Wednesday, November 13, 2013

REVIEW: Instant Mold

For hobbyists looking to get in to serious customization, the ability to duplicate parts can be incredibly valuable.  There are a variety of methods available ranging from easy to hard, cheap to expensive. How does this lower end product stand up?

I'm fairly new to the model gaming hobby, but I've been around molds and general modeling for a couple of decades.  Back in school I made all my molds from silicon rubber.  It's great, but messy, expensive, and requires some know-how and equipment to do it well. Not to mention at least 12 hours (if you're going to do it the sloppy way).  For proper molds that you'll make a tons of casts off of, you'll need 2 days of total working and curing time.  Not exactly convenient when you want that part RIGHT NOW!

Out of curiosity, I picked up this box of Instant Mold from Amazon for ~$10 several months ago after having to do a little more green stuffing than I'd have preferred on one particular model.  The box sat around for a while before I found another need for it.

According to the box description, it was going to be a pretty easy process.  Dip a couple sticks in hot water (170 degrees to be precise), wait two minutes, knead, and form around your part.  Once the mold cools, you can stuff it with Green Stuff or Milliput and get your parts. Sounds almost too good to be true.

Well, I'm happy to report, works like a charm, at least for the purposes here.

Now, before we go any further, I absolutely do not condone duplicating models that someone else put their hard work in to and owns the copyright on.  Messy business, bad karma, illegal, don't do it.

For this example below, I bought some bases for my figures.  As you'll see below (or maybe not from this photo angle), I didn't make full molds of the bases, but I wanted to be able to duplicate some of the tiles on them for further customizations- they only make (4) 40mm base designs, and I've got a squad of 5 figures. Needed to chop one up and do something different to one of them to make it unique from its prepackaged brethren. This particular manufacturer makes basing kits- basically a sheet of flooring just like the ones on their prepackaged bases (in this case ancient church tile) so you can make your own versions.  They make those kits for just about every one of the multitude of styles they produce...except the one I chose.  Grr.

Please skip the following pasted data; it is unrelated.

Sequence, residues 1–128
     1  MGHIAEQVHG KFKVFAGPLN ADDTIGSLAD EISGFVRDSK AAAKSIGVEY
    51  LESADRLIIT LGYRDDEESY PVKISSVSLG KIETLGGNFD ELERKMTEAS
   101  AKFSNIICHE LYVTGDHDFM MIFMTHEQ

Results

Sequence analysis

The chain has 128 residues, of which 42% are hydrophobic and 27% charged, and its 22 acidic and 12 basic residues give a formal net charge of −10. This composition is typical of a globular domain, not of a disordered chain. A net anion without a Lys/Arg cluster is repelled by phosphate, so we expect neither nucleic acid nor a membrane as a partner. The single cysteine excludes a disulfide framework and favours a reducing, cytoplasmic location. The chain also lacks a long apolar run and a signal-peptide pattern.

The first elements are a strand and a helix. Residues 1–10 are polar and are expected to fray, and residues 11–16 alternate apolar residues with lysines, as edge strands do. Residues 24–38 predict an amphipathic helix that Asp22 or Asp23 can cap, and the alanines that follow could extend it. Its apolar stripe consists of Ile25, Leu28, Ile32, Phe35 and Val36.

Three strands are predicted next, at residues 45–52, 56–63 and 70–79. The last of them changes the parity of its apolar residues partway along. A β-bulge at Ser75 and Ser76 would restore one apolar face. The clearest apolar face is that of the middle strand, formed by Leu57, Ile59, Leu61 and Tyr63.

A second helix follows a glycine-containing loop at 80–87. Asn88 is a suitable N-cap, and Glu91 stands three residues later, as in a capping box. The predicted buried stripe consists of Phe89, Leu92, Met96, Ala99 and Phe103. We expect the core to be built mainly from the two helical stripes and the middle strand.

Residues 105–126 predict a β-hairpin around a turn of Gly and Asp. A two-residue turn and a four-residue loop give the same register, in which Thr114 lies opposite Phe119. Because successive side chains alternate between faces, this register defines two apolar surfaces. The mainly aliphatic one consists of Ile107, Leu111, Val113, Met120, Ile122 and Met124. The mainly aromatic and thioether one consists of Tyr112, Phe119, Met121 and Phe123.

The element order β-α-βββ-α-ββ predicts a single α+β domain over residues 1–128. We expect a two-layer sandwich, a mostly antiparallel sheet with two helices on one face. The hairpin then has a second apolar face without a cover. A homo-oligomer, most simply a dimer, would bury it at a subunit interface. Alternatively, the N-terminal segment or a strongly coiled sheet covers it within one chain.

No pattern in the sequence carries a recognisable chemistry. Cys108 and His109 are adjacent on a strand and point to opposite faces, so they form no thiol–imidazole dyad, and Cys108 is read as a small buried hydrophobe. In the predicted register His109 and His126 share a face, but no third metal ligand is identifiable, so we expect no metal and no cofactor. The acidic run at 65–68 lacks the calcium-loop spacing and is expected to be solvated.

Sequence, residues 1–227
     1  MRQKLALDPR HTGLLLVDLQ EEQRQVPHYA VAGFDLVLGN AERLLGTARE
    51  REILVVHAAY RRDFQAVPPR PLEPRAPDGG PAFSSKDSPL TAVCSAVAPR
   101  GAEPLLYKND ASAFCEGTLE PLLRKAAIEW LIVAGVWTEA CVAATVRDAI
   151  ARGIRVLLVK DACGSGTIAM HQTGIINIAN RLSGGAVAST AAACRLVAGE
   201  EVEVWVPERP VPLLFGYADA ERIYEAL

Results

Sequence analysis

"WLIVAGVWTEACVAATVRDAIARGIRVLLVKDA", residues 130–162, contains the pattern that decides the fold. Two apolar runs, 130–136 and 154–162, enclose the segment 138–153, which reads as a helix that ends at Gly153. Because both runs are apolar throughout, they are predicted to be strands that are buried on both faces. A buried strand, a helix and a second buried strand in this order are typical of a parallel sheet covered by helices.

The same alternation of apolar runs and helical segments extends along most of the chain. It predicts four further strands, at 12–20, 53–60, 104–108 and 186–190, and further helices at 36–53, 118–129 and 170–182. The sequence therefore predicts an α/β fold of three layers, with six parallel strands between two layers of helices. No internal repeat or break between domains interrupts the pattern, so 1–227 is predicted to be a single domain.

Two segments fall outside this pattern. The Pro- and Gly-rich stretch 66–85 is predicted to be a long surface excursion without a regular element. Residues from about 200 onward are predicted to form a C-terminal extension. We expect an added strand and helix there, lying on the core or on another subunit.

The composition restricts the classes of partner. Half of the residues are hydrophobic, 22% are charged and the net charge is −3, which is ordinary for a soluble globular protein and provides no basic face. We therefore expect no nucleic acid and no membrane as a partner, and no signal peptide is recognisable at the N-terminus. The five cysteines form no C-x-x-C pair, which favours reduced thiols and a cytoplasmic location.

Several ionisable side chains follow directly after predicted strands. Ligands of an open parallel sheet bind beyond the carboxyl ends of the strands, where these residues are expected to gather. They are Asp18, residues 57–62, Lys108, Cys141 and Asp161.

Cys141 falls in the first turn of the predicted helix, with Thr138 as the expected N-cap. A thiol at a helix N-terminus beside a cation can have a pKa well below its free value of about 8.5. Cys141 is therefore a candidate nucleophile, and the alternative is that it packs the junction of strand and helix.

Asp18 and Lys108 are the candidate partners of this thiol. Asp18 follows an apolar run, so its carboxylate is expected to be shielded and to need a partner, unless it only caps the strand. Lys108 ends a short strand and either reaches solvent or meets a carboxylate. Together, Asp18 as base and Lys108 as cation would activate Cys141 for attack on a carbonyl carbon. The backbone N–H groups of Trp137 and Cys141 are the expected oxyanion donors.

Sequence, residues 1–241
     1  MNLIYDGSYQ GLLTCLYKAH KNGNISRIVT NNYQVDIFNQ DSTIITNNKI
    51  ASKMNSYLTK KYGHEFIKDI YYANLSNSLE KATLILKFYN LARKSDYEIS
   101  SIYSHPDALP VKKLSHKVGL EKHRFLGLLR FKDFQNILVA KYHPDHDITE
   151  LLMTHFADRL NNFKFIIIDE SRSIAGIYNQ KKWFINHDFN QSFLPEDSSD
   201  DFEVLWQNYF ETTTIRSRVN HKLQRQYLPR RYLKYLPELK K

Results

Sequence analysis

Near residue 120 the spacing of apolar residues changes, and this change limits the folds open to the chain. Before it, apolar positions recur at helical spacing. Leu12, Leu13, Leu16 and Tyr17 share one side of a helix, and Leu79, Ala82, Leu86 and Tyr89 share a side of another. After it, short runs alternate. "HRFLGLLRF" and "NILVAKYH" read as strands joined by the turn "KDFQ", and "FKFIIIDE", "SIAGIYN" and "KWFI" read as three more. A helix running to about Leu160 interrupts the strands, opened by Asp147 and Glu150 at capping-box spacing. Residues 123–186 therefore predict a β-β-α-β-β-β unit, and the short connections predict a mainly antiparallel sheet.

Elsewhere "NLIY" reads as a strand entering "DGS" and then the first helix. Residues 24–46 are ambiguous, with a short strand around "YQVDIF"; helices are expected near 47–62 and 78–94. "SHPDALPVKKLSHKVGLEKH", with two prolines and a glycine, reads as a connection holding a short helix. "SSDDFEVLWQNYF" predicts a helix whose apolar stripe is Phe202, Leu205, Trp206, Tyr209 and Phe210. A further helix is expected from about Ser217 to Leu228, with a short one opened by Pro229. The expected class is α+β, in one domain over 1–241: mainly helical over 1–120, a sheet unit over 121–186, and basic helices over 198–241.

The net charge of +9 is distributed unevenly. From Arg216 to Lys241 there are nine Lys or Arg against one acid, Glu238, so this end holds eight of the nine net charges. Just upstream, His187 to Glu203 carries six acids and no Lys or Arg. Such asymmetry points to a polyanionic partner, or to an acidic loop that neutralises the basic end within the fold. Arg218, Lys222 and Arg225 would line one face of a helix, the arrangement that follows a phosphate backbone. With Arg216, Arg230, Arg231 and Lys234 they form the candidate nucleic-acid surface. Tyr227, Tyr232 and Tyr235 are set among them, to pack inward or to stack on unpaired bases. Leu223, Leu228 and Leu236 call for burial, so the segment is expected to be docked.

Originals on bottom, dupes on top

Instant Mold to the rescue.  I nuked a cup of water for about a minute, checked it with my cooking thermometer, and went to work. I kneaded two bars together into a brick wide enough for these two bases, squeezed them in, and waited for a few minutes.  Actually I think I went to bed, but it wouldn't take all that long.  Next morning I worked up some Milliput and squeezed it in.  When I came home from work- voila! Perfect tiles ready to chop up and customize. Total time is probably about 15-20 minutes on top of your standard Green Stuff or Milliput curing time. If your part can be removed while the putty is still soft, even better. 

VERDICT- PASS!  This stuff is great.  Now, you can tell if you look really closely there's a tiny bit of detail loss on the surface.  Not sure if that's due to the Instant Mold, the Milliput, or user error, but it's pretty minor so whatever.  On the deep cracks, you could probably work it to pick up those details if you wanted, but as I said, I just wanted the surface tiles.  If I ever want amazing, perfect duplicates of whole parts, this will not be my chosen material- I'll go RTV silicone and take my time.  I suppose I could TRY making a 2 part mold with Instant Mold, but what's the point?  For this kind of purpose- picking up a small detail, or duplicating that one little piece you lost, how can you lose for $10? Oh, and it's reusable! Just put it back in water and knead it up again to mold something new. Perfect!

One last molding tip- remember any time you make a mold, you're going to lose 5-15% in size due to shrinking of both the mold and casting material depending on what you're using.  And that's not a uniform shrink- you'll lose more in the fat areas than the thin. Plan ahead kids. The more you know *ding*


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